How to Treat Middle Back Pain and Rib Pain

There are many ways that you can treat rib pain and middle back pain that originates from inflamed or strained muscles. Here are some of the best natural remedies for back rib pain.

Heat or ice treatment

Warm compresses or cold compresses can help to quickly relieve pain in your rib cage caused by injuries, inflammation, or other painful causes.

According to researchers from the University of Rochester Medical Center, a cold pack or compress can help to reduce pain, swelling, and inflammation in the first 48 hours after an injury. After that time, you should use a warm compress to increase circulation and reduce muscle spasms and stiffness.20

To make a warm or cold compress to treat rib pain in your middle or upper back, this is what you should do:

Cold compress for injuries to your middle back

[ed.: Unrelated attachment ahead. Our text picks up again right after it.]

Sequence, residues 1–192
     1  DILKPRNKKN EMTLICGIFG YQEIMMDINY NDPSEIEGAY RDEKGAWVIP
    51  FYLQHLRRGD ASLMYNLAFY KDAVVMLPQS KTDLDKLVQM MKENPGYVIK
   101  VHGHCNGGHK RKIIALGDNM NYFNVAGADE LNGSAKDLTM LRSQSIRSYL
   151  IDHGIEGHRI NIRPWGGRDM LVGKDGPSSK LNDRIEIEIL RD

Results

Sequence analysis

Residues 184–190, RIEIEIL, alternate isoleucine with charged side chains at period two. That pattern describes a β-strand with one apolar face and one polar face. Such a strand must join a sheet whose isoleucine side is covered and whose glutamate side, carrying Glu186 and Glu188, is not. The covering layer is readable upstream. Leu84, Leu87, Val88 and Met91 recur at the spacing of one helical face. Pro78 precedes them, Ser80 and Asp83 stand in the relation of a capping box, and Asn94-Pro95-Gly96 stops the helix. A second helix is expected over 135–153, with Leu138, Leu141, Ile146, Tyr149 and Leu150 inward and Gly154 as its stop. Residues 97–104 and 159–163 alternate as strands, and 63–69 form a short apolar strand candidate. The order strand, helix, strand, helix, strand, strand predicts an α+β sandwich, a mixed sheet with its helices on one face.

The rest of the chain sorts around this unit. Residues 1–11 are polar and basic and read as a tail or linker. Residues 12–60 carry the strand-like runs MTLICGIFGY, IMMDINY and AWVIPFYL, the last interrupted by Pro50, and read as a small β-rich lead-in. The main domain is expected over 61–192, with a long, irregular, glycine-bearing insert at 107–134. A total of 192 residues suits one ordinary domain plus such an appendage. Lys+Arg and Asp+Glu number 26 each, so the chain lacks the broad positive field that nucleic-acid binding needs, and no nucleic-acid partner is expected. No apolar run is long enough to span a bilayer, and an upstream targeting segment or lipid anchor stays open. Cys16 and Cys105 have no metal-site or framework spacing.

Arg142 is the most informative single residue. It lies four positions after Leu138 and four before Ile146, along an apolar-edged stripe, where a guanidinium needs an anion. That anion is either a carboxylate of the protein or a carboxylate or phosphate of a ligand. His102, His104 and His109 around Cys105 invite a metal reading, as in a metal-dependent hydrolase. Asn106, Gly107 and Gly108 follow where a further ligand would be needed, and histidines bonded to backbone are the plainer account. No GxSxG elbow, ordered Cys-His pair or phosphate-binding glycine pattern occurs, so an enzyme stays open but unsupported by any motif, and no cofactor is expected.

1. Take a bag of frozen peas or place crushed ice in a sealable plastic bag and cover with a thin towel.
  2. Lie on your front and place the ice pack on your middle or upper back.
  3. Leave for 15-20 minutes.
  4. Repeat every hour to help reduce swelling and muscles strain in the first two days after an injury.

Warm compress for back rib pain

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  1. Fill a hot water bottle with hot, but not boiling water, and cover with a towel.
  2. Place the hot water bottle under the sore area in your middle back and lie on it for 15 to 20 minutes to help reduce the pain and ease muscle stiffness.
  3. Repeat 2-3 times a day for best results and continue using until your back pain has gone.

Hot and cold compresses are also excellent natural remedies for relieving lower back pain.

Rest

Rest is important for relieving any kind of muscle or ligament strain to your intercostal muscles in your back. This helps to prevent further injury, and together with hot and cold packs should help to speed up recovery.

However, too much rest may not be good to help muscle strains and tears to repair themselves. The European Spine Journal reported that too much bed rest could actually aggravate back pain. It was found that bed rest for 3 days for acute back pain was just as effective as resting for 7 days. The goal of resting should be to return to normal activities as soon as possible and have a regime to strengthen the back muscles.21

Improve posture